Coronary Artery Target Selection and Survival After Bilateral Internal Thoracic Artery Grafting

Faisal G. Bakaeen*, Kirthi Ravichandren, Eugene H. Blackstone, Penny L. Houghtaling, Edward G. Soltesz, Douglas R. Johnston, Stephanie L. Mick, José L. Navia, Michael Zhen Yu Tong, Kenneth R. McCurry, Rami Akhrass, Mouin Abdallah, Gösta B. Pettersson, Nicholas M. Smedira, Eric E. Roselli, A. Marc Gillinov, Lars G. Svensson

*Corresponding author for this work

Research output: Contribution to journalArticlepeer-review

36 Scopus citations


Background: The importance of a coronary artery, based on the myocardial mass it perfuses, is well documented, but little is known about the importance of a vessel that has been bypassed and its effect on survival in the context of bilateral internal thoracic artery (BITA) grafting. Objectives: This study determined the effect of a dominant left anterior descending (LAD) artery and important non-LAD targets on outcomes after BITA grafting. Methods: From January 1972 to January 2011, of 6,127 patients who underwent BITA grafting, 2,551 received 1 ITA grafted to the LAD and had an evaluable coronary angiogram. A dominant LAD was defined as one that was wrapped around the left ventricular apex. Non-LAD targets were graded based on their terminal reach toward the apex: important: >75% (n = 1,698); and less important: ≤75% (n = 853). Mean follow-up was 14 ± 8.7 years. Multivariable analysis was performed to identify risk factors for time-related mortality. Results: A dominant LAD was present more frequently in patients with less important additional targets (51% vs. 35%; p < 0.0001). A total of 179 patients (7.0%) received a second ITA to multiple targets, 77 (43%) of which were to multiple important target vessels. Unadjusted late survival was similar regardless of degree of importance of the second ITA target—77% at 15 years (p = 0.70) for the important and less important targets, respectively. In the multivariable model, grafting the second ITA to multiple important targets was associated with better long-term survival (p = 0.005). In patients with a nondominant LAD, a second ITA grafted to a less important artery was associated with higher risk of operative mortality (2.4% vs. 0.51%; p = 0.007). A saphenous vein graft to an important or less important target did not influence long-term survival. Conclusions: In BITA grafting, bypassing multiple important targets to maximize myocardium supplied by ITAs improved long-term survival. In patients with a nondominant LAD, selecting an important target for the second ITA lowered operative mortality.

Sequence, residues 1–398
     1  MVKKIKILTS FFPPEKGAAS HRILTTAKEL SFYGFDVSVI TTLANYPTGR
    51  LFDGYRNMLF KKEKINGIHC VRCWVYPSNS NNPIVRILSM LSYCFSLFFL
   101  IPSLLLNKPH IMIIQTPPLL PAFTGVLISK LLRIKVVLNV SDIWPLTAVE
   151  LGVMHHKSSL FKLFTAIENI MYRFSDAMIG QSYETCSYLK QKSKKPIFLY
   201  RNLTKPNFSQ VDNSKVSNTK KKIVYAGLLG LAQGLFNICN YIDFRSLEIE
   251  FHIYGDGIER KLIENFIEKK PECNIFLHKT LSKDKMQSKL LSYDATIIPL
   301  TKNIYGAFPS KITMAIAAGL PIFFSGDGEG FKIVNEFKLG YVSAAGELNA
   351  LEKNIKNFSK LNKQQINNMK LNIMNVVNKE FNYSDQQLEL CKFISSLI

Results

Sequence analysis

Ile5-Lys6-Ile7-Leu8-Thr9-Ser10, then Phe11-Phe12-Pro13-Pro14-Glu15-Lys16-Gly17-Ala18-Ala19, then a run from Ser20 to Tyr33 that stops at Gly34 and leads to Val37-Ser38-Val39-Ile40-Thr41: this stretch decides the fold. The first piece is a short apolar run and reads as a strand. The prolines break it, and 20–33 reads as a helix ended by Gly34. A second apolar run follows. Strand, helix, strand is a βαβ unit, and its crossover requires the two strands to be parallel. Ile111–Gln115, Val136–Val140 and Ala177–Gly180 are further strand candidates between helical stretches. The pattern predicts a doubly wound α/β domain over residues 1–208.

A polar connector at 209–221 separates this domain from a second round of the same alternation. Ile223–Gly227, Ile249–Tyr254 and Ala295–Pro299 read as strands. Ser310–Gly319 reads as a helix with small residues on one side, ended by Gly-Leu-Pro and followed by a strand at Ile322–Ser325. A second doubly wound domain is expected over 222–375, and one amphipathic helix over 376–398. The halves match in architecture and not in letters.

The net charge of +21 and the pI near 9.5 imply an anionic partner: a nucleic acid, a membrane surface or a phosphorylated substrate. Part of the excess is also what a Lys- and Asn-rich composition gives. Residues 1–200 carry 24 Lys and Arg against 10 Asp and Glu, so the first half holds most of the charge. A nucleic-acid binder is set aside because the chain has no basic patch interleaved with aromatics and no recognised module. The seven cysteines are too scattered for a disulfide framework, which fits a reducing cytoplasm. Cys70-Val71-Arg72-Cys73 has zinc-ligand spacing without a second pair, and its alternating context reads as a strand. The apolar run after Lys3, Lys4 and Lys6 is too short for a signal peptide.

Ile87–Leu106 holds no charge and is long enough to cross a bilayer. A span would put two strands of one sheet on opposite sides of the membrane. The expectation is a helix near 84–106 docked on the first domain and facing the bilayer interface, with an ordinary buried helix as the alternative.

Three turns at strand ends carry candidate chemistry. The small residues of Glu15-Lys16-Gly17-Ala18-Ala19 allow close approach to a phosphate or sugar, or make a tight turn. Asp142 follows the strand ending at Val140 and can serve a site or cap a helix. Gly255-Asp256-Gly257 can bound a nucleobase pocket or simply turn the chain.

Original languageEnglish (US)
Pages (from-to)258-268
Number of pages11
JournalJournal of the American College of Cardiology
Issue number3
StatePublished - Jan 28 2020


  • cardiac surgery
  • coronary artery bypass grafting
  • ischemic heart disease
  • survival

ASJC Scopus subject areas

  • Cardiology and Cardiovascular Medicine


Dive into the research topics of 'Coronary Artery Target Selection and Survival After Bilateral Internal Thoracic Artery Grafting'. Together they form a unique fingerprint.

Cite this